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Black Historians

First Black World Title June 27, 1890 George Dixon, born July 29, 1870 in Africville, (Halifax), Nova Scotia; becomes the first Black to hold a WORLD title in boxing. George beat Nunc Wallace in the Pelican Club in England recieved $4,250.00 - he was the only Black in the Club!


Saartjie Baartman (1790-1815) was known as The Hottentot Venus and was exhibited in carnival-like shows across Britain that sensationalized her unusual anatomy: she had steatopygia, an over-development of fatty tissue around the buttocks. After her death, her remains were preserved and exhibited in Paris until 1985. Her remains were finally returned to South Africa at the request of Nelson Mandela and received a proper burial in 2002.

What is your Diagnosis ? - Medical Cases

In 1947, Dr. Marie Daly became the first African-American woman to earn a Ph.D. in Chemistry when she graduated from Columbia University. A trailblazer in the field of biochemistry, Dr. Daly researched the connection between high cholesterol and heart disease. #WomenInSTEM (Photo courtesy of Albert Einstein College of Medicine, D. Samuel Gottesman Library Archives).

The First Black Female To Become A Captain For A Commercial Airline. First officer Patrice Clarke never intended to write history. A UPS pilot, she never set out to be one of the first Black females to graduate from Embry-Riddle Aeronautical University in Daytona Beach, Florida with an aeronautical degree. Nor did she plan to be the only female professional pilot working; in her native country of the Bahamas. Ms. Clarke only wanted to be a pilot.

Black Women Airline Pilots

Jill Elaine Brown received her wings in 1978 as the first African American female pilot to fly for a major U.S. commercial airline. Ms. Brown, then 28, was one of six women to graduate in a class of 38 pilots from then Texas International Airline's training program.

Black Women Airline Pilots

Rev. Dr. Pauli Murray became the first African American woman to be ordained an Episcopal priest in 1977 at the age of 67, the first Black deputy attorney general in the state of California in 1945, the first African American to receive a J.S.D. from Yale Law School in 1965, and graduated first (and the only woman) in her Howard University Law School class in 1944.

Louis Freeman One Of Only Two Black Chief Of Pilots For A Major Air Carrier In The United States

Morgan Kirkaldy August 10,2007 Irene Morgan Kirkaldy passed away at age 90. She was a black woman whose refusal to give up her bus seat to white passengers triggered a landmark US Supreme Court decision more than 10 years before Rosa Parks gained recognition for doing the same.

Would you have had the courage to do this? An African American student eating lunch alone after being newly integrated into a high school. Location: Norfolk, VA, US Date taken: 1959 Photographer: Ed Clark Life Images

Singer Sissieretta Jones, often referred to as “The Black Patti” (in reference to Italian opera singer Adelina Patti). Ms. Jones sang grand opera, light opera, and popular music. Click here to check out a short video from Carnegie Hall’s Youtube channel that talks about Ms. Jones and her accomplishments.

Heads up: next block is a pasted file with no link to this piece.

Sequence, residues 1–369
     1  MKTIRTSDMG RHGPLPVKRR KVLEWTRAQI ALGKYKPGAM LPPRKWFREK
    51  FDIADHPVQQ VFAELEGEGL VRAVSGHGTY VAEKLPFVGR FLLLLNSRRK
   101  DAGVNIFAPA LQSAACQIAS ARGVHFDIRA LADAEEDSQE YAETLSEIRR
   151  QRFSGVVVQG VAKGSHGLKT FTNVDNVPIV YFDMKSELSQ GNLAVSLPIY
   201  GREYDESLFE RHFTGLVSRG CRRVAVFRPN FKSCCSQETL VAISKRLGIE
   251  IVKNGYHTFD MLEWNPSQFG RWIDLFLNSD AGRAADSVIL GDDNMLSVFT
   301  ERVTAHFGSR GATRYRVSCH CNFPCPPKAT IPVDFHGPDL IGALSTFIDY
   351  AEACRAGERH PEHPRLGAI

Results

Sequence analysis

Colonel Carmen Amelia Robles, an Afro Mexican woman who was a leader in the Mexican Revolution. Legend has it that she participated in many battles and that she would shoot her pistol with her right hand and hold her cigar with her left.

Seh-Dong-Hong-Beh, a leader of the Dahomey Amazons (Mino), "a Fon all-female military regiment of the Kingdom of Dahomey..." At the end of the 19th century, the kingdom was conquered by the French, who claimed they were "hesitant" to fight the Amazons. "However...the French army lost several battles to them—not because of French 'hesitation,' but due to the female warriors' skill in battle that was 'the equal of every contemporary body of male elite soldiers from among the colonial powers.'"

BETTY BOOP - Origin Ms. ESTHER JONES, known by her stage name, "Baby Esther," was an African-American singer and entertainer of the late 1920s. She performed regularly at the The Cotton Club in Harlem. Singer Helen Kane saw her act in 1928 and (COPIED or stole) Ms. Jones' singing style! for a recording of "I Wanna Be Loved By You." Ms. Jones' singing style went on to become the inspiration for Max Fleischer cartoon character's voice and singing style of BETTY BOOP, who was a Black Woman.

African-American Cavalrymen were known as Buffalo Soldiers. Black soldiers fought in Washington’s Army during the War of Independence, and served with Andrew Jackson at New Orleans in 1815. Late in 1861, Colonel T. W. Higginson took command of the First Regiment of South Carolina Volunteers, the first Black regiment in the service of the United States.

☥ The state of California was named after the mythical Black Queen Califia. According to the story, California was an island where only Black women lived. The women were the most powerful women in the world. When Cortez arrived in California, searching for this mythical queen, her influence on him was so severe, he paid tribute to this powerful Black Woman Queen Califia by naming the state after her. California literally means, “the land where Black women live."

Sojourner Truth - African-American abolitionist and women's rights activist.

Sojourner Truth - Wikipedia, the free encyclopedia

ca. 1867 "Flora Stewart of Londonderry, a negress, who died Aug. 17, 1868, at the age of 118. It is thus recorded in the published vital records of Londonderry, but few will believe it: she would have been 61 years old when her son George was born. This Flora Stuart was liberated from slavery about 1815 by some member of the Stuart family who had settled in Virginia... "

The first black Catholic bishop Rev. Joseph O. Bowers, as pictured in the 7 May issue of Jet Magazine, United States, 1953, photograph by David Jackson.